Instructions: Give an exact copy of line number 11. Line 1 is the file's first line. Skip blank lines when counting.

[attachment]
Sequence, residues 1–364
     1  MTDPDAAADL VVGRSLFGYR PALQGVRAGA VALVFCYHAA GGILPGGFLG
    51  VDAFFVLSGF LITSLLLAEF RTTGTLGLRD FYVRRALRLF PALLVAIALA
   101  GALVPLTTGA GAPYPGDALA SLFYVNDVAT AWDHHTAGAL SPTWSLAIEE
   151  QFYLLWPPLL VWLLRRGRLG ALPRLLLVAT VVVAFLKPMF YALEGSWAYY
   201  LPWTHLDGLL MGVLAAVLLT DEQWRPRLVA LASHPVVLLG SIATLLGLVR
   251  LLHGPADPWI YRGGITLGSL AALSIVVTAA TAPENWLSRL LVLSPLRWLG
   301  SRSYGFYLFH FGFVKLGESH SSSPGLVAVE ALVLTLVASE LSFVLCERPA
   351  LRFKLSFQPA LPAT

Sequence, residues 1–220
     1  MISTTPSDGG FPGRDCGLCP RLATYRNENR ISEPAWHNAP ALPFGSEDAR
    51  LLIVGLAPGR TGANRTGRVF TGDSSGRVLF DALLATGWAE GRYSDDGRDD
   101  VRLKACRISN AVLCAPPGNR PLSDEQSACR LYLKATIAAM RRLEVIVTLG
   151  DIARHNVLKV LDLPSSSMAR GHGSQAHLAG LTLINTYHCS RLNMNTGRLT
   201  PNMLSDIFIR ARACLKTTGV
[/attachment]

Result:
     1  MISTTPSDGG FPGRDCGLCP RLATYRNENR ISEPAWHNAP ALPFGSEDAR